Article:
Cybersecurity Roundup: GDPR Fines, Infocyte, Barracuda and Critical Start
This week, the U.K. Information Commissioner’s Office (ICO) announced plans to fine British Airways $230 million and Marriott $124 million under the General Data Protection Regulation (GDPR) for data breaches disclosed last year.
The British Airways breach compromised 500,000 customers’ data, while the Marriott breach involved the loss of 339 million guest records. Both companies will have an opportunity to appeal the decisions.
The total proposed fines far exceed the previous highest fine of $645,000 doled out to Facebook for serious breaches of data protection law in 2018.
Terry Ray, senior vice president and fellow at Imperva, tells us the GDPR “forgiveness window” has closed and businesses that can’t answer the following simple questions certainly can’t prevent data breaches:
- Where is user data stored?
- Who accesses user data?
- How much data do they access?
- Should they access user data?
- Do they access more user data than usual?
- Can I stop a breach attempt if it is detected?
“Technology has existed for almost two decades now that answers these questions, but organizations have been much too slow to implement it,” he said. “Those that have often only implement data security in less than 10% of their actual data space. This is like installing anti-malware on only 10% of corporate laptops, hoping that the other 90% never get infected. Hope is not a plan, as they say. Neither is selective data security.”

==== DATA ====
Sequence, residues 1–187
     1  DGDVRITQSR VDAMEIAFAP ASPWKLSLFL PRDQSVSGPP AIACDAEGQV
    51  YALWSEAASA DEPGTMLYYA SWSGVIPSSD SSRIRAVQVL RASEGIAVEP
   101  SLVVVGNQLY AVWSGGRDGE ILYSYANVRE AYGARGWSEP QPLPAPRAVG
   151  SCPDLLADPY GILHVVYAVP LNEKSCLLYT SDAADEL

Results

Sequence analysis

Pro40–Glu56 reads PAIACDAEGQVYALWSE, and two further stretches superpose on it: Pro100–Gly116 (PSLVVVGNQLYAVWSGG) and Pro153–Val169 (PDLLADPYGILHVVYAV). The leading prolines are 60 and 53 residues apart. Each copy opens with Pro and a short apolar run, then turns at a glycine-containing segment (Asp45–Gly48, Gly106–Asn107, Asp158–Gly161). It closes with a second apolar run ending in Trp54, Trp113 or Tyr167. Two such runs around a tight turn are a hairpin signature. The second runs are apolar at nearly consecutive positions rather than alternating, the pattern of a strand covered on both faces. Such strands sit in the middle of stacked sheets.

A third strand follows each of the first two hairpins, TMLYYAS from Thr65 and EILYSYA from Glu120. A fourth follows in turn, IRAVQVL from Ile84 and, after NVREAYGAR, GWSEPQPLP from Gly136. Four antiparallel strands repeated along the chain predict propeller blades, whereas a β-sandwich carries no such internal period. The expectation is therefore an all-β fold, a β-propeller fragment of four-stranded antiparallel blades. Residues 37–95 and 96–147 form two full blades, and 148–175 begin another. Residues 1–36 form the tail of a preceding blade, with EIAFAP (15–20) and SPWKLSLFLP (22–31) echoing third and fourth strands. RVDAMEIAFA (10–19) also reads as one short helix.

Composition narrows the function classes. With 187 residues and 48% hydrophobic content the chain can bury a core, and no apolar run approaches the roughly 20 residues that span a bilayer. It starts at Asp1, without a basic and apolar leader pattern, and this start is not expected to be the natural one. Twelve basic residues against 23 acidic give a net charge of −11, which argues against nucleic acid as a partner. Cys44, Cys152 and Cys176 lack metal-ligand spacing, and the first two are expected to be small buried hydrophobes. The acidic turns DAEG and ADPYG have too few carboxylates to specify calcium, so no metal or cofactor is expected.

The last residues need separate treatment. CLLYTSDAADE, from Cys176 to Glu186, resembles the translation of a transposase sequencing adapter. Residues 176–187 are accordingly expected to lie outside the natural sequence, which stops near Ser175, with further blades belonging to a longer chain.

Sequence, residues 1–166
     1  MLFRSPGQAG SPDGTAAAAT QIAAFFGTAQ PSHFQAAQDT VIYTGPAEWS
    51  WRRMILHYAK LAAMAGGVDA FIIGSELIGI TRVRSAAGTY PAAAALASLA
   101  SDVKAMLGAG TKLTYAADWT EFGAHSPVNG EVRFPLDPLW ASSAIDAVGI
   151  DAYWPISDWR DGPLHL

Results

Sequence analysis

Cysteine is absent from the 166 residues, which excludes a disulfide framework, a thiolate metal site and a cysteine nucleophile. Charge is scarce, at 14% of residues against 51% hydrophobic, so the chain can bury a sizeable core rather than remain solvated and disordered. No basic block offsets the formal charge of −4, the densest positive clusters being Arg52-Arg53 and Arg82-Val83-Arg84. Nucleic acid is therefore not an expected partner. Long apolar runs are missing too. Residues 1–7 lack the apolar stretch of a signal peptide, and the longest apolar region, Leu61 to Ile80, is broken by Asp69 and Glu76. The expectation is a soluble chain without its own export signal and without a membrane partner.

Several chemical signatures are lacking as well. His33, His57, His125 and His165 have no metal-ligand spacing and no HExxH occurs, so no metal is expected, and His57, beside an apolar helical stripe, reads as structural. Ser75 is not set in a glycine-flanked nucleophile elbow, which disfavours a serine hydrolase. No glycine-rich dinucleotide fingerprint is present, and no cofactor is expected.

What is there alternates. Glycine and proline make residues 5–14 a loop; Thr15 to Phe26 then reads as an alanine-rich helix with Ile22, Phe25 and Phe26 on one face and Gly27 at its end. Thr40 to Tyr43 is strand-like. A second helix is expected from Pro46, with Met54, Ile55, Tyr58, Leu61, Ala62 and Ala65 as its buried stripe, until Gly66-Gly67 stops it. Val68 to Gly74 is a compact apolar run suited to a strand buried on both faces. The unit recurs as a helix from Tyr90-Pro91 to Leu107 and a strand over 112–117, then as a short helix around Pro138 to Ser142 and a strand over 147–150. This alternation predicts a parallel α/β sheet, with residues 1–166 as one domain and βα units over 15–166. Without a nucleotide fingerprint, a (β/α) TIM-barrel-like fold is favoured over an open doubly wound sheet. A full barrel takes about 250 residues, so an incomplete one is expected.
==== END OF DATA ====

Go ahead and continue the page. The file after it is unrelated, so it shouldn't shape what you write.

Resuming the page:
The more an MSSP or security provider offers services around data security, the more this problem extends to them as well, Ray said. Of course, this always depends on their contract, he said.
“I once made a comment about a public data breach and the corporate owner of the data – the company that actually collected the data – expressed concern that I was not clear in my statement, that they had not, in fact, lost the data,” he said. “Instead it was a third party this corporation had hired to store and analyze the data that was breached. The fact is, both companies were at fault. Did the primary data collector exercise effective due diligence on the data storage entity? What controls did that company expect the service company to have implemented? What reporting was provided to verify effective review of data access?”
The scrutiny that businesses should be putting on third-party providers is going up and savvy businesses need to not only keep costs down often by outsourcing, but also now consider the cost of a breach at the third party as the breach impacts both entities, Ray said.
Matt Aldridge, Webroot’s senior solutions architect, tells us the key message is GDPR penalties are real and they are significant. This is good news from a privacy enforcement perspective, but companies need to take this as a wake-up call to address their data security and privacy compliance very quickly if they are not already well ahead on this, he said.
“From a reputation-protection standpoint alone, being in the spotlight for data-protection transgressions and data breaches is not at all good for business,” he said. “On the enforcement side, it is likely that more clear guidance will be needed so that companies can more easily ensure they are operating in a fully compliant state before they are breached, rather than attempting to demonstrate this after a breach has occurred.”
It’s now more important than ever that compliance efforts made by organizations go hand in hand with verifiable security controls and strong processes, Aldridge said. All of these efforts need to be much more carefully scrutinized and recorded than has been the case in the past, he said.
“MSSPs and compliance specialists can play a key role in helping companies to achieve this, along with other cybersecurity service providers, but in turn those companies must ensure that they have done and recorded their due diligence when selecting …